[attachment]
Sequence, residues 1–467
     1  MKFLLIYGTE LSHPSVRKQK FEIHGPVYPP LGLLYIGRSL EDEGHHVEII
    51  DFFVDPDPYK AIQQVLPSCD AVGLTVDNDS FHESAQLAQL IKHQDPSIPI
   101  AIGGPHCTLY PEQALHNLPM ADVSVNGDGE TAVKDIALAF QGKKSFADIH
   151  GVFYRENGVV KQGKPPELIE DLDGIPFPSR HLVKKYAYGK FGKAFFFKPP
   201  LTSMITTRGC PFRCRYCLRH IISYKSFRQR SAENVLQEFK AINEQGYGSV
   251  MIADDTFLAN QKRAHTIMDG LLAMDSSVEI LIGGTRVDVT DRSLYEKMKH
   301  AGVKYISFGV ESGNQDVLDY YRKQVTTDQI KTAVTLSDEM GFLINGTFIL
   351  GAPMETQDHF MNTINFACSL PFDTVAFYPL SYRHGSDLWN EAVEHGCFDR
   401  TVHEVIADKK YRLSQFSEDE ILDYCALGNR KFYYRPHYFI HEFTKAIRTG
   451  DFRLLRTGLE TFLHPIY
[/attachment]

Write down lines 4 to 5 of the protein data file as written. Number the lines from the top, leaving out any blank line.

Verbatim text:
   101  AIGGPHCTLY PEQALHNLPM ADVSVNGDGE TAVKDIALAF QGKKSFADIH
   151  GVFYRENGVV KQGKPPELIE DLDGIPFPSR HLVKKYAYGK FGKAFFFKPP